The Employment Acts 1980 and 1982 largely dismantled the minimum condi tions

The employment acts 1980 and 1982 largely dismantled

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employment protection, particularly in relation to unfair dismissal. The Employment Acts 1980 and 1982 largely dismantled the 'minimum condi- tions' props to collective bargaining- the latter being completely side-stepped by legislation imposing a pay settlement in the case of the teachers' pay dispute in 1987. The Employment Acts 1980 and 1982, and the Trade Union Act 1984 collectively chopped back union immunities in relation to industrial action, with restrictive clauses, in particular, on picketing, secondary action, action to extend recognition and negotiation, the definition of trade disputes, dismissal of strikers and strike ballots. Similarly, the 1982 and 1984 Acts, by imposing liability on unions in tort, undermined union strength and security. The same effect was aimed for in the 1980 and 1982 Acts, by the attack on the closed shop (or as the government saw it, freeing a 'conscript army' of unionists). In the same spirit, the 1984 Act sought to 'democratise' internal trade union affairs by compelling ballots in trade union elections and over the continuance of the political levy. The Employment Act, 1988 placed further restrictions on trade unions with respect to balloting before industrial action and the election of officials and declared the post-entry closed shop unenforceable. The Employment Act, 1990 made the pre-entry close shop illegal and placed further constraints on industrial action. Finally, the Trade Union Reform and Employment Rights Act 1993 strengthening balloting and notification provisions with respect to industrial action, weakened the 'check- off' system and abolished the majority of the wage councils. Little by little unions' freedoms and immunities with respect to industrial action and civil redress and the supports for recruitment and healthy finances have been whittled away (see Chapter 8). Gone was the image of trade union leaders walking the corridors of power in Whitehall and enjoying 'beer and sandwiches at No. 10'. Consistently, in the early-mid 1980s, the government refused to discuss economic issues with the Trades Union Congress (TUC). Instead, in the public sector, it lent ideological and financial support to managements' attempts to reassert control, at the risk of prolonged strike action (1984 dispute at the Department of Health and Social Security (DHSS) in Newcastle, the coal miners' strike 1984-5, the Railtrack dispute in 1994). Individuals' membership of unions, in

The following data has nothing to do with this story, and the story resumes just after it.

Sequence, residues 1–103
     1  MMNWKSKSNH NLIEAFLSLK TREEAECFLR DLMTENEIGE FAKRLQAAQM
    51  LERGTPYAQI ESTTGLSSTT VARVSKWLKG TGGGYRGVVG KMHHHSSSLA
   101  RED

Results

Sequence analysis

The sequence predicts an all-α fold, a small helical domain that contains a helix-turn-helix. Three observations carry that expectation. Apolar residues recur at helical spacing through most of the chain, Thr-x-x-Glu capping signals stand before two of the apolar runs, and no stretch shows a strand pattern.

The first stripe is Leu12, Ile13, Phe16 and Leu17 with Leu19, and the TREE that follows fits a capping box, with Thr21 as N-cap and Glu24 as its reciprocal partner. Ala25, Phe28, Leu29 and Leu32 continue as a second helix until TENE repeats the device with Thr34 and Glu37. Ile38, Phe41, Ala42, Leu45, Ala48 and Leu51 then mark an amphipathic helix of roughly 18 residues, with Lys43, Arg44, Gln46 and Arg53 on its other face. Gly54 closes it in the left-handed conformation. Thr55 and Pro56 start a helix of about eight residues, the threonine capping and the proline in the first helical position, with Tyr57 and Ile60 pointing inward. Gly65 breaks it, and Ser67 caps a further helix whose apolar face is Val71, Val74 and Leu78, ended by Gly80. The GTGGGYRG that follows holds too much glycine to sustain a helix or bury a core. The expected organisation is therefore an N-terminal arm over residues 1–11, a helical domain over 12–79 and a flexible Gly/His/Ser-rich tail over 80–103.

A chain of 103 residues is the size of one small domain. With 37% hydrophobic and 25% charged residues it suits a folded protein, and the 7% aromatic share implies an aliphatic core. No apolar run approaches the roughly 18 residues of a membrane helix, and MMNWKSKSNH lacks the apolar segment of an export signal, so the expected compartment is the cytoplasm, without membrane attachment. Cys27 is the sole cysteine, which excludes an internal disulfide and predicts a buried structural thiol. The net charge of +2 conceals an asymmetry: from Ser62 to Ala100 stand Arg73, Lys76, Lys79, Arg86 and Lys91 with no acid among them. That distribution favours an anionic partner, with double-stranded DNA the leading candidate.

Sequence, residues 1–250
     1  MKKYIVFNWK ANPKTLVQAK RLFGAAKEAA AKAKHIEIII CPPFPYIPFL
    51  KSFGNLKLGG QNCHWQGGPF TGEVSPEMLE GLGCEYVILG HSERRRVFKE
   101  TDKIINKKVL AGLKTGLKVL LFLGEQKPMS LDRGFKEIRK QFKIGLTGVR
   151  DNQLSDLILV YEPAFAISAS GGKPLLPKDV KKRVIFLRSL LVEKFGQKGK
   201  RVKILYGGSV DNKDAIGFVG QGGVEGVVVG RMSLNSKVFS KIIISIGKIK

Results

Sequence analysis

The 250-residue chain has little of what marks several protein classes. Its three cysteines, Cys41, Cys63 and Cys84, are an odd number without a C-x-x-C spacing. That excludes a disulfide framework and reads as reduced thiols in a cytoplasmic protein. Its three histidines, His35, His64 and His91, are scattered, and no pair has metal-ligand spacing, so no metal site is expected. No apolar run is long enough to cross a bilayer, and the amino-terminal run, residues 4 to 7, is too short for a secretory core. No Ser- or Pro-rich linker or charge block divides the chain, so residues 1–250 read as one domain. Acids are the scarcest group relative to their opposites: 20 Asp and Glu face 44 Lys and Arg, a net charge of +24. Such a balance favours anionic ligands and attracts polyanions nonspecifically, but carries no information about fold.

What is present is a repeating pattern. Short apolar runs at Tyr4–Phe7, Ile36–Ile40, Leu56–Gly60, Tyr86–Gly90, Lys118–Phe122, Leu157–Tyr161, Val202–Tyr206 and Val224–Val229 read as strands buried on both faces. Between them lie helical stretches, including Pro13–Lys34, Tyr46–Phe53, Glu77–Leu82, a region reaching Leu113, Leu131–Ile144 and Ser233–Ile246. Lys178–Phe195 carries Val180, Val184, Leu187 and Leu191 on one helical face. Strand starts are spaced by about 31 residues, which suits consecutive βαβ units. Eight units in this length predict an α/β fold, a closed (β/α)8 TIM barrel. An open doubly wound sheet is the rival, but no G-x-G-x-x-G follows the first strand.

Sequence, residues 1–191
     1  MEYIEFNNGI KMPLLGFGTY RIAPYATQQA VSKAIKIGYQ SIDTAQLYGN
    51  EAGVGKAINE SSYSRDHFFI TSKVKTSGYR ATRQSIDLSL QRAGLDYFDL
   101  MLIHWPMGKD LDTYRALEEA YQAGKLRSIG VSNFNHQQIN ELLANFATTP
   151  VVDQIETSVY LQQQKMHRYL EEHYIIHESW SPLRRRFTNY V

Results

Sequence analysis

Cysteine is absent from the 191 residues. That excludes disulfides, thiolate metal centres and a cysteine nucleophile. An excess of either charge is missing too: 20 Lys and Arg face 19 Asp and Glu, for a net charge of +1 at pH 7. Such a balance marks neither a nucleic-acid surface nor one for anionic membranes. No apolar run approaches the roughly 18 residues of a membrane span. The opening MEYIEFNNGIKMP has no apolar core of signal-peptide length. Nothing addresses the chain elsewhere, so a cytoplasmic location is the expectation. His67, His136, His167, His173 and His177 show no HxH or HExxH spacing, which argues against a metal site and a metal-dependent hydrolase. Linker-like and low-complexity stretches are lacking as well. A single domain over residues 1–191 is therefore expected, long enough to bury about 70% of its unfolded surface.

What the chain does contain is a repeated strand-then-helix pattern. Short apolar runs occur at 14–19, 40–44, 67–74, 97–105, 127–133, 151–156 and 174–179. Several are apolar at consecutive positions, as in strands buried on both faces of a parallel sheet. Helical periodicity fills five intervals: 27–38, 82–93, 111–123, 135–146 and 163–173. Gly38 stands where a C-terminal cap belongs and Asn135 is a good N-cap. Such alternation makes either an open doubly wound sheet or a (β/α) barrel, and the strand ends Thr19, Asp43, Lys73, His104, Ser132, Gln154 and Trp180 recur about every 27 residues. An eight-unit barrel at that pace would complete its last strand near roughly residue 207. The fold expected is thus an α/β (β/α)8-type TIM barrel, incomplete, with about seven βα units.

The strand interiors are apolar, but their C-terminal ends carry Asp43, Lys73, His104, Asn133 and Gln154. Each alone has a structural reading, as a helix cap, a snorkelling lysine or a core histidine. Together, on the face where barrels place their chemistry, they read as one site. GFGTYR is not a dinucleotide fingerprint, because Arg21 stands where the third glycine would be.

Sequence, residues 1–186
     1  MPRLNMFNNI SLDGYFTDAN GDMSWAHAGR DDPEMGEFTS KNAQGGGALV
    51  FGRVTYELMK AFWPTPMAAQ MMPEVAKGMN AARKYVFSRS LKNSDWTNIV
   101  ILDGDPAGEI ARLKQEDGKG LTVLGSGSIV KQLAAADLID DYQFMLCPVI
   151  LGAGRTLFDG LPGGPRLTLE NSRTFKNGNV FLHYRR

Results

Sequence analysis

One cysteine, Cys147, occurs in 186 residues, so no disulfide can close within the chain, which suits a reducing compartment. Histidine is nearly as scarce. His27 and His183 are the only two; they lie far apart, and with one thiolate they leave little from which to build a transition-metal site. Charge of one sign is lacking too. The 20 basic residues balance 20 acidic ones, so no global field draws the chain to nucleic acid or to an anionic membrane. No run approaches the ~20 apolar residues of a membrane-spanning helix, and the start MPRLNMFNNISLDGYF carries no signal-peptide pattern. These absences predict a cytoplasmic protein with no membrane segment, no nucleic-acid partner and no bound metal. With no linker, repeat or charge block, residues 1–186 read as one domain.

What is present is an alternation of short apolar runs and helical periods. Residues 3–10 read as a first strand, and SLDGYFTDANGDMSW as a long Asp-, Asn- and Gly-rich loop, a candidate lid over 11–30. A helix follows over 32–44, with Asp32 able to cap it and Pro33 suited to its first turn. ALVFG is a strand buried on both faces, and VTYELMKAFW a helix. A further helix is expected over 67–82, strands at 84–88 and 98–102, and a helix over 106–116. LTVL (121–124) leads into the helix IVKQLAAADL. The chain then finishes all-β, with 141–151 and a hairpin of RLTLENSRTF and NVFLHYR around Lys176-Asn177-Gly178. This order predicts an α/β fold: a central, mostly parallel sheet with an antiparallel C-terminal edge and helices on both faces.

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What is human resource management? 83 special cases, was considered as incompatible with their status as employees (Government Communications Headquarters (GCHQ) dispute); some 'mili- tant' unions, notably the National Union of Mineworkers (NUM), were presented as led by demagogues threatening democracy and their 'defeat' celebrated as a victory against 'the enemy within'. In a nutshell, successive Conservative governments have sought to marginalise trade unions through restrictive legislation, strike defeat, unemployment and the ending of their role in policy-making bodies.
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